As summer approaches, Brunswick beach towns are heating up laws, rules and overall passenger safety for low-speed vehicles and golf carts.
Local leaders and governing bodies are urging residents and visitors to follow the rules, make sure drivers have their license and buckle up.
North Carolina General Statue 20-121.1 requires low-speed vehicles to be registered, annually inspected, insured and equipped with working:
• Stop lamps
• Turn signal lamps
• Tail lamps
• Reflex reflectors
• Parking brakes
• Rearview mirrors
• Windshield wipers
• Seat belts
• Vehicle identification number
State law defines a low-speed vehicle as, “A four-wheeled electric vehicle whose top speed is greater than 20 miles per hour but less than 25 miles per hour,” however, it defines a golf cart as, “A vehicle designed and manufactured for operation on a golf course for sporting or recreational purposes and that is not capable of exceeding speeds of 20 miles per hour.”
“If they’re going 35 [or] 40 miles an hour down the road in some of these hopped-up carts — they’re just terribly dangerous,” Holden Beach Commissioner Rick Smith said at the May 16 Holden Beach Board of Commissioners meeting. “They’re not designed to go that speed.”
The North Carolina General Statute 160A-300.6 notes that, “A city may, by ordinance, regulate the operation of golf carts, as defined in G.S. 20-4.01(12b), on any public street, road, or highway where the speed limit is 35 miles per hour or less within its municipal
limits or on any property owned or leased by the city.”
“By ordinance, a city may require the registration of golf carts, charge a fee for the registration, specify who is authorized to operate golf carts and specify the required equipment, load limits and the hours and methods of operation of golf carts. No person less than 16 years of age may operate a golf cart on a public street, road or highway,” the statue continues.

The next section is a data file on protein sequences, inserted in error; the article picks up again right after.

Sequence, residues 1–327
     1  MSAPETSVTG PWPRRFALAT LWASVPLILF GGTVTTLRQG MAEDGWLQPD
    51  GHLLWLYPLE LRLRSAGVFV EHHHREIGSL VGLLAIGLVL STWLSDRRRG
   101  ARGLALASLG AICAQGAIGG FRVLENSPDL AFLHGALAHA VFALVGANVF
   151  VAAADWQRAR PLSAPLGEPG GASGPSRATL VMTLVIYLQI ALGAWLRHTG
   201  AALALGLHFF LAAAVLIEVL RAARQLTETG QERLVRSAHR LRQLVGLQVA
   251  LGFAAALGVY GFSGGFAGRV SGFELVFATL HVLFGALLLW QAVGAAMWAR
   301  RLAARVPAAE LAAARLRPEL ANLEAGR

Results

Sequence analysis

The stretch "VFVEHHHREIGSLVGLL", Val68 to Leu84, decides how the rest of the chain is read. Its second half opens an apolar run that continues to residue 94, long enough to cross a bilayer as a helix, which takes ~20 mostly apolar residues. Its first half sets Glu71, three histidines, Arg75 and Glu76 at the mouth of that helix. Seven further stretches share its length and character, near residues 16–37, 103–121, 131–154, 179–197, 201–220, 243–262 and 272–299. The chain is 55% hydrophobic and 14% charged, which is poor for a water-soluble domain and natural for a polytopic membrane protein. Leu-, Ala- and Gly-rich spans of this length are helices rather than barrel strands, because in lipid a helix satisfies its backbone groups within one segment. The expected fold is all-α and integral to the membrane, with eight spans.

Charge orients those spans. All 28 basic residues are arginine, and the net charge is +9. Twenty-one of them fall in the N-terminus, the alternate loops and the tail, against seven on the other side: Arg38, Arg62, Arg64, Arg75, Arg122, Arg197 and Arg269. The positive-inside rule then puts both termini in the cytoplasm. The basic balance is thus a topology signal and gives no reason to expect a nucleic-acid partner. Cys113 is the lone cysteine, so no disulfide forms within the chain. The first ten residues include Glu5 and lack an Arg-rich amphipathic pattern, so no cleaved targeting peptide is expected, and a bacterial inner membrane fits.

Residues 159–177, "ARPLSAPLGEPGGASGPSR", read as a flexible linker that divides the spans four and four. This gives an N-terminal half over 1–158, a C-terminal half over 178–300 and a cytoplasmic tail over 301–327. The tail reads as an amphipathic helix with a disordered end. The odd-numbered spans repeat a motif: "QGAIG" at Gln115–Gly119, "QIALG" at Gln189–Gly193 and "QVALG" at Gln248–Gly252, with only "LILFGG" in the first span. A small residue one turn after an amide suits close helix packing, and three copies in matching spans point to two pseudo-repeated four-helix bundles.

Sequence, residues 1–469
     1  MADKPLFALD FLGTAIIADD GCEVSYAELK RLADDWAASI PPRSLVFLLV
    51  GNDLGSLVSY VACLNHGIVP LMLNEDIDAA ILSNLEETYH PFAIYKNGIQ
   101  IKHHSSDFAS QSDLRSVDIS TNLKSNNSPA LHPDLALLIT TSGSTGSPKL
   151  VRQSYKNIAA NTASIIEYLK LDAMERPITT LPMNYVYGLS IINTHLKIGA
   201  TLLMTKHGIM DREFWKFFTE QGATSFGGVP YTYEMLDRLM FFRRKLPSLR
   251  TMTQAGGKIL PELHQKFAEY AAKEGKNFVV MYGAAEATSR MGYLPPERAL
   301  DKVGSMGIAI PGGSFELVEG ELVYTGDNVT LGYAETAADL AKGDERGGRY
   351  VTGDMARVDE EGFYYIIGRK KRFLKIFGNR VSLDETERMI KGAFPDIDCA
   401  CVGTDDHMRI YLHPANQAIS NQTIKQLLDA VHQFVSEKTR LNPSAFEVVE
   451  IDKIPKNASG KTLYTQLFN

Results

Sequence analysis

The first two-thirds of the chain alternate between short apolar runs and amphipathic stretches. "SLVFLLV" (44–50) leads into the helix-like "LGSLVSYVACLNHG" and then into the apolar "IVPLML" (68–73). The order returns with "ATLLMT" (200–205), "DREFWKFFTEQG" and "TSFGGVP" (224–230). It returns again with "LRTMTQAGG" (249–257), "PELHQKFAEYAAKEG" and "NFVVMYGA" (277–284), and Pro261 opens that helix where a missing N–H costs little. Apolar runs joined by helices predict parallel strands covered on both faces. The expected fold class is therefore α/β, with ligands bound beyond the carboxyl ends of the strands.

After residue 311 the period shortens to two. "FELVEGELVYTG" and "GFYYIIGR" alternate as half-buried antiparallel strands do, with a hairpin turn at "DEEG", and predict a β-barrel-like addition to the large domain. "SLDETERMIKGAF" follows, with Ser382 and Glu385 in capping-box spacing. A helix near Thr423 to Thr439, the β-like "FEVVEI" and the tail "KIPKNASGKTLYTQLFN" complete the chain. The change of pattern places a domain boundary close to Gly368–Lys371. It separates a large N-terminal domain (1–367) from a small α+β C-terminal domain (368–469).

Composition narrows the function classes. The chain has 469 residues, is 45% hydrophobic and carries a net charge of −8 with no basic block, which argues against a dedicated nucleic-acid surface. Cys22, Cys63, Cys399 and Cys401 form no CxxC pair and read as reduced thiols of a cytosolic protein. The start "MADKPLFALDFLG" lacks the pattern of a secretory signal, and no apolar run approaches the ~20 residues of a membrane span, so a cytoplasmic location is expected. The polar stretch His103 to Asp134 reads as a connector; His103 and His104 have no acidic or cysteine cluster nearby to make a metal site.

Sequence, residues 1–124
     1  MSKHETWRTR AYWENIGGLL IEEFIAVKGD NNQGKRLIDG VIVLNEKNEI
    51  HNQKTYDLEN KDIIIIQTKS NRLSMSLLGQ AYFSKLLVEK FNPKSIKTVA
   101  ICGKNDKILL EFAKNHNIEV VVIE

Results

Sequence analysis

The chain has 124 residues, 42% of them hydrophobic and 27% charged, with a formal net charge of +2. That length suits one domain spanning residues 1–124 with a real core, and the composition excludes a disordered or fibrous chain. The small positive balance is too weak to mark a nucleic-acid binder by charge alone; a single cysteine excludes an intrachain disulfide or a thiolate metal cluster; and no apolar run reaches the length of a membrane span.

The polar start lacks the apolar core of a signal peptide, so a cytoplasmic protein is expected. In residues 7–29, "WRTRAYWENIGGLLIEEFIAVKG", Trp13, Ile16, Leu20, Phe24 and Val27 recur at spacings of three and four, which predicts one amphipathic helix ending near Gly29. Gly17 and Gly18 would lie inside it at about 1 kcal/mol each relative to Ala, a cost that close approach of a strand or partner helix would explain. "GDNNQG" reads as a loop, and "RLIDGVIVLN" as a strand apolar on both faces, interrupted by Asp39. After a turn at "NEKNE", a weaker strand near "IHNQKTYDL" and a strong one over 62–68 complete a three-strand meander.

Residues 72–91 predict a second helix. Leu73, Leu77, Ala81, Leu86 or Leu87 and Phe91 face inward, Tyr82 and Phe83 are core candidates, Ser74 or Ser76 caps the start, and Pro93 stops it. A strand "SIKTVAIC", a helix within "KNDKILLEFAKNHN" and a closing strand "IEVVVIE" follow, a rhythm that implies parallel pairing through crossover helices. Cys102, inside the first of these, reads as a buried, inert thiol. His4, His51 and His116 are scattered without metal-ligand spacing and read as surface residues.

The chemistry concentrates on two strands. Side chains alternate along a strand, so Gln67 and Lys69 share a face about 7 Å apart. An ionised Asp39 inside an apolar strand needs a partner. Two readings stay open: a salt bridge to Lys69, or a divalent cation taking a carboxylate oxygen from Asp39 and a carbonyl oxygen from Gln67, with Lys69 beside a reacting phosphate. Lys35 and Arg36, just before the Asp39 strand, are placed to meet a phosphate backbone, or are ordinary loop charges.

The North Carolina Department of Transportation has a golf cart guidance for towns to use, if they want, that allows a municipality to regulate golf carts on any street but it must follow statute 160A-300.6.
Golf cart rulings can change throughout each town.
For example, the Town of Carolina Shores in September 2022 enacted a new ordinance with new rules for golf carts traveling on roads owned by the town.
Under the new rules, folks operating golf carts on town roads are required to have a valid driver’s license, have liability insurance on the golf cart and use lights and turn signals (if a golf cart isn’t equipped with turn signals, hand signals must be used).
Carolina Shores golf cart owners are also required to register their golf cart with the town to receive a permit to be placed on the cart. Owners have to show proof of liability insurance to obtain a permit.
The golf cart rules only applied to Town of Carolina Shores streets and roads. Golf carts are still not allowed to travel on state-owned roads in the town.
Ocean Isle Beach Chief of Police Ken Bellamy told the towns Board of Commissioners at their May 9 meeting that he is able to write tickets to 16- and 17-year-old golf cart drivers because it is a motor vehicle.
With Spring Break recently ending and summer coming soon, he explained that underaged golf cart drivers and high school-aged golf car drivers have been and will be a large issue in the town.
He added that individuals between 16- and 18-year-old tend to create more problems for police officers and give them a difficult time.
“Call 9-1-1, it’s not a problem,” he said. “We want to address these issues before they get out of hand…”
He noted that he can write citations to parents if a driver is under the age of 16 — if they can prove that the parent knowingly allowed the juvenile to drive.
“Kids are in danger, adults are in danger and people think golf carts are toys,” Ocean Isle Beach resident Deb Eckert said. “… It’s a dangerous toy.”
For the North Carolina General Statute 20-121.1 PDF on the operation of golf carts and low speed vehicles can be located at https://www.ncleg.gov/EnactedLegislation/Statutes/PDF/BySection/Chapter_20/GS_20-121.1.pdf
More information on golf cart and low speed vehicle laws can be found at https://golfcarts.org/north-carolina-state-golf-cart-and-lsv-laws/
Savanna Tenenoff is the staff writer at The Brunswick Beacon. Feel free to reach out with comments, questions and tips at email@example.com.
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